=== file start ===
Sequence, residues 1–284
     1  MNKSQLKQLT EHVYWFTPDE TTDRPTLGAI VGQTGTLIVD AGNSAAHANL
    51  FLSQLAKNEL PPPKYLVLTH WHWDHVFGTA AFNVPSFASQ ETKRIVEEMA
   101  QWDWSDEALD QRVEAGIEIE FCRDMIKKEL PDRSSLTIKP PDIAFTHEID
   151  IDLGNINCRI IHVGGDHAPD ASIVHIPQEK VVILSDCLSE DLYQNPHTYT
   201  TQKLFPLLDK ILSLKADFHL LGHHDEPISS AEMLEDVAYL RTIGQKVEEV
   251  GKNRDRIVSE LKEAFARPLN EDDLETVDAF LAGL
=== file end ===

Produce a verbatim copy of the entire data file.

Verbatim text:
Sequence, residues 1–284
     1  MNKSQLKQLT EHVYWFTPDE TTDRPTLGAI VGQTGTLIVD AGNSAAHANL
    51  FLSQLAKNEL PPPKYLVLTH WHWDHVFGTA AFNVPSFASQ ETKRIVEEMA
   101  QWDWSDEALD QRVEAGIEIE FCRDMIKKEL PDRSSLTIKP PDIAFTHEID
   151  IDLGNINCRI IHVGGDHAPD ASIVHIPQEK VVILSDCLSE DLYQNPHTYT
   201  TQKLFPLLDK ILSLKADFHL LGHHDEPISS AEMLEDVAYL RTIGQKVEEV
   251  GKNRDRIVSE LKEAFARPLN EDDLETVDAF LAGL